May 8 National Coconut Cream Pie Day
May 9 National Butterscotch Brownie Day
May 10 National Shrimp Day
May 12 National Nutty Fudge Day
May 13 National Apple Pie Day
May 14 National Buttermilk Biscuit Day
May 15 National Chocolate Chip Day
May 16 National Barbecue Day
May 17 National Cherry Cobbler Day
May 19 National Devil's Food Cake Day
May 21 National Strawberries and Cream Day
May 26 National Blueberry Cheesecake Day
May 28 National Hamburger Day
May 31 National Macaroon Day
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June 1 World Milk Day
June 2 National Rocky Road Day
June 3 National Donut Day
June 4 National Cheese Day
June 5 National Veggie Burger Day
June 6 National Applesauce Cake Day
June 9 National Strawberry Rhubarb Pie Day
June 10 National Egg Roll Day
June 11 National German Chocolate Cake Day
June 12 National Peanut Butter Cookie Day
June 14 National Strawberry Shortcake Day
June 16 National Fudge Day
June 17 National Apple Strudel Day
June 18 International Sushi Day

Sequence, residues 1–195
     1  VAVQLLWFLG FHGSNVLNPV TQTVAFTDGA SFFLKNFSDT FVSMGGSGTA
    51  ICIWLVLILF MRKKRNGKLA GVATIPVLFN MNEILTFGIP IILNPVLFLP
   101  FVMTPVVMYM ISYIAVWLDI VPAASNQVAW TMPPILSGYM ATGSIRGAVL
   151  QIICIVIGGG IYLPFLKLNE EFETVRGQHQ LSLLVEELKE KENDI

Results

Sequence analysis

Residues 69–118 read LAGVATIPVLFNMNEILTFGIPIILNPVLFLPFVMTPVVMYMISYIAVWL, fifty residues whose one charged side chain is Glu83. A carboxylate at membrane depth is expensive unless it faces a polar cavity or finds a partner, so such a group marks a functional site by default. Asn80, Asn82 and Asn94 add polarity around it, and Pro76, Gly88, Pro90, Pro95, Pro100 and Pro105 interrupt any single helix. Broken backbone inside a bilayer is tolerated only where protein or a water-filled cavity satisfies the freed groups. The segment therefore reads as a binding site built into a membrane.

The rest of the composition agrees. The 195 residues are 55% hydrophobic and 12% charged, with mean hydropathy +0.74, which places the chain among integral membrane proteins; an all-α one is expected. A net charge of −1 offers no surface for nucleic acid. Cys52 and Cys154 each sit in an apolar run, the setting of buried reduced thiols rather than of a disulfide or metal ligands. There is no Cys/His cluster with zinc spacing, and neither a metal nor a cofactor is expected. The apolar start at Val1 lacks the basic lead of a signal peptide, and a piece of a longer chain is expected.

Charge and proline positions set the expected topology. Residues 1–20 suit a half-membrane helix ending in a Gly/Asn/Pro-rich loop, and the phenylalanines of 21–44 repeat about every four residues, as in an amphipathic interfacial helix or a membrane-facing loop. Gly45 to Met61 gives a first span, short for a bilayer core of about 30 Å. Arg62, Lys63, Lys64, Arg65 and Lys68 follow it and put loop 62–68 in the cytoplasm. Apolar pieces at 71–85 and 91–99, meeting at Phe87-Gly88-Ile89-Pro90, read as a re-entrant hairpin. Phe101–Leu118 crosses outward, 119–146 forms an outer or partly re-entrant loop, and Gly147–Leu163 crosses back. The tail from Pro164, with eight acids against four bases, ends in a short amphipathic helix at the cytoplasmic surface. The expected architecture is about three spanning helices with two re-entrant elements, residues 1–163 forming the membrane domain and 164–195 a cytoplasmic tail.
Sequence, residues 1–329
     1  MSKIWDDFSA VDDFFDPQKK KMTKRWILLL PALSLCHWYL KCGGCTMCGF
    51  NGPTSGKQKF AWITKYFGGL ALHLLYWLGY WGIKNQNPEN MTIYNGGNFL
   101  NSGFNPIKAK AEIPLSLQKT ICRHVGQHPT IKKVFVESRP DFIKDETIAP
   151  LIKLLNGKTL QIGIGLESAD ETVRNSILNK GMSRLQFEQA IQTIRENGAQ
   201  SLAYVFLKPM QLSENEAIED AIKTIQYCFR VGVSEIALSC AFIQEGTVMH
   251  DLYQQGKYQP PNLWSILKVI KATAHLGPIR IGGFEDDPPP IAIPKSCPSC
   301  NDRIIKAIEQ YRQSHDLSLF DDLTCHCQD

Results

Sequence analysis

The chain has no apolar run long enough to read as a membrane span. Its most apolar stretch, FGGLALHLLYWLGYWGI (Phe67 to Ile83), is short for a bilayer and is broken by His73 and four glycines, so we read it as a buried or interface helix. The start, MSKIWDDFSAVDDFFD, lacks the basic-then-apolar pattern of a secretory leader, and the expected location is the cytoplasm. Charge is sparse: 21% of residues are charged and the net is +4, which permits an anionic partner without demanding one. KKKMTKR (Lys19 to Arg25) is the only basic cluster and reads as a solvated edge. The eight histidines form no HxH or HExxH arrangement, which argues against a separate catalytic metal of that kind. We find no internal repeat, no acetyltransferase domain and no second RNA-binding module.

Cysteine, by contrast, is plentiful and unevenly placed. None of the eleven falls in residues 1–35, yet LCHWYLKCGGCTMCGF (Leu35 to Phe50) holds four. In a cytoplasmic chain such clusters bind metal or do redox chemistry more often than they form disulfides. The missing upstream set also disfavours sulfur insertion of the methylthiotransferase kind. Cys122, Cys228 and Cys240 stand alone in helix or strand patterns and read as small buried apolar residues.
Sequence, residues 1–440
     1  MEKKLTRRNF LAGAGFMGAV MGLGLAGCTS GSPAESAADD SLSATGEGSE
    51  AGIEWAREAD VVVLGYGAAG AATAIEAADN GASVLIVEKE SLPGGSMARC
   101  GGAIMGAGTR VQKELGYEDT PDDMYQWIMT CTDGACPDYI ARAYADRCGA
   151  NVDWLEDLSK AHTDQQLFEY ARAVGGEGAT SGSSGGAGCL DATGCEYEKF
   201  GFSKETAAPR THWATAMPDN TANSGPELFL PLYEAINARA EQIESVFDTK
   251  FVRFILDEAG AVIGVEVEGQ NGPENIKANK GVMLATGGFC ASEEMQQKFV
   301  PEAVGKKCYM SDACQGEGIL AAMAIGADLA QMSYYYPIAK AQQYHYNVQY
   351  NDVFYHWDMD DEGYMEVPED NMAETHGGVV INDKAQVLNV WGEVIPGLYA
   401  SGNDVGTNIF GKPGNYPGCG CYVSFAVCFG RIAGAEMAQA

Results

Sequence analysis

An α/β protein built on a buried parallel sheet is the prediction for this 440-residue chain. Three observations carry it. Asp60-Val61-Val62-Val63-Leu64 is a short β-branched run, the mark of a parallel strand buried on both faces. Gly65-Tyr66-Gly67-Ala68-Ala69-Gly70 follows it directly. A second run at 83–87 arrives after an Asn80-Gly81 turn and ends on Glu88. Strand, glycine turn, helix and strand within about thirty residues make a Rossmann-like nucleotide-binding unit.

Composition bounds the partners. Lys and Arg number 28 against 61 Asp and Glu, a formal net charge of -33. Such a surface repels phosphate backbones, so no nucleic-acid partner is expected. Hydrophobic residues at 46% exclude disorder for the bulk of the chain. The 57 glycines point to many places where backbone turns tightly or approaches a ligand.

June 20 National Kouign Amann Day
June 21 National Smoothie Day
June 22 National Onion Ring Day
June 23 National Pecan Sandies Day
June 25 National Strawberry Parfait Day
June 26 National Chocolate Pudding Day
June 27 National Ice Cream Cake Day
June 28 National Tapioca Day
June 29 National Almond Buttercrunch Day
June 30 National Bomb Pop Day
SPRING 2022 | UTAH FARM AND FORK
UTAH FARM AND FORK | SPRING 2022 34
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SPRING 2022 | UTAH FARM AND FORK
Robo-advisors can’t take Robo-advisors can’t take the place of real people. the place of real people.
Creating the right financial plan takes more than a generic algorithm. It Creating the right financial plan takes more than a generic algorithm. It takes someone who gets to know you and your goals. For over 80 years, takes someone who gets to know you and your goals. For over 80 years,
we’ve helped our clients by building relationships first and plans second. we’ve helped our clients by building relationships first and plans second.
Contact your Farm Bureau agent or advisor to learn more. Contact your Farm Bureau agent or advisor to learn more.